Daniel Lipinski (Ill.)
* (Y) Will not vote for abortion language in Senate bill, but has other concerns as well. Democratic leaders cannot count on Lipinski
Jim Marshall (Ga.) * (N) Perennial GOP target, but favored to win reelection. Told The Hill he’s a no
Jim Matheson (Utah)
* (N) President Obama this year tapped brother for post, but Matheson still a likely no
Mike McIntyre (N.C.) * (N) Seven-term lawmaker rejected House health bill and climate change. Spokesman tells The Hill McIntyre is a no. Expected to win reelection easily even though Sen. John McCain (R-Ariz.) won district
Mike McMahon (N.Y.)
(N) Suggested last month he was a no to the Staten Island Advance. McMahon told The Hill on March 12 he is leaning no. Voted no on education reform bill that is expected to move with healthcare reform in reconciliation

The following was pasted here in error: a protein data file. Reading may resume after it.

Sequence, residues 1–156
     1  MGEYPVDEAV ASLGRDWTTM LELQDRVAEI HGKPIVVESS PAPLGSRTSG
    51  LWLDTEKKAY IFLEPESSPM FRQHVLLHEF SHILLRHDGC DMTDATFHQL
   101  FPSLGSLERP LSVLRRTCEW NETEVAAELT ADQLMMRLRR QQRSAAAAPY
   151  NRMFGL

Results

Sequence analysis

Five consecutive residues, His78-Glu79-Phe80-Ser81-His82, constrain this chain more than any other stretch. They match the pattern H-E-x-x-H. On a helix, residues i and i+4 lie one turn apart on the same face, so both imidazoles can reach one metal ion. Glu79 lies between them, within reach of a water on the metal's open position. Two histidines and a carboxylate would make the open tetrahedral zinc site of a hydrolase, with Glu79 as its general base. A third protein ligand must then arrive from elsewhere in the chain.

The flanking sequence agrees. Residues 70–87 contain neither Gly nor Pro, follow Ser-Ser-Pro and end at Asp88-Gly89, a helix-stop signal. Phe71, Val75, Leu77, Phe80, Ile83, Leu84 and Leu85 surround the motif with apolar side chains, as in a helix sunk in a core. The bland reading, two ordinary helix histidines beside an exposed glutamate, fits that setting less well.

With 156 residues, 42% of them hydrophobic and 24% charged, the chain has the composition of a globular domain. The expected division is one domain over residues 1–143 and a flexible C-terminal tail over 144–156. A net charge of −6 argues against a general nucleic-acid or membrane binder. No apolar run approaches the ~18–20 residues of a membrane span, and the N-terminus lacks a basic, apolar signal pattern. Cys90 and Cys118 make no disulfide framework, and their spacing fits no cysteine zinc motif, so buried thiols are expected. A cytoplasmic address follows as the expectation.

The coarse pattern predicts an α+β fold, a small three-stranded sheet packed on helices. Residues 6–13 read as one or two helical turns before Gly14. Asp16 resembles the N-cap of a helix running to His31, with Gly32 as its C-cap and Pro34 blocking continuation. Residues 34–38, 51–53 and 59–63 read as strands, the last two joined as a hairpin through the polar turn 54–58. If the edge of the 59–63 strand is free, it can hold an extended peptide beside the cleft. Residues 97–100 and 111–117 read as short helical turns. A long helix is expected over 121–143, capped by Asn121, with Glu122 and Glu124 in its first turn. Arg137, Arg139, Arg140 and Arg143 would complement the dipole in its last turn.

Charlie Melancon (La.) * (N) Senate hopeful voted no in November and no in committee. Likely no
Walt Minnick (Idaho) (N) One of the House’s most conservative members. Firm no
Collin Peterson (Minn.) * (N) Ag chairman not shy in bucking leadership. Firm no
Mike Ross (Ark.) * (N) Voted for bill in committee, but not since. Firm no
Heath Shuler (N.C.)
* (N) CNN reporting Shuler is a no. Doesn’t hold his tongue when he opposes Democratic leaders. Critic of reconciliation
Ike Skelton (Mo.) * (N) GOP targeting his seat. Armed Services Committee chairman is a firm no
Bart Stupak (Mich.)
* (Y) No deal with leadership on abortion = no vote on final bill for Stupak and other Democratic opponents of abortion rights
Gene Taylor (Miss.) * (N) Has been a firm no all Congress. Constituents last summer urged him to get others to vote no
Harry Teague (N.M.) * (N) Told The Hill that he will review bill to see if final bill brings costs down. If “we are in the same place — a no”

Firm Yes (5)
Dale Kildee (Mich.) * (Y) Not one of Stupak’s Dozen
Steve Kagen (Wis.) (Y) Told Fox 11 in Wisconsin that he prefers more incremental approach. But on March 13 he said, “We’re going to find and secure enough votes to pass healthcare…”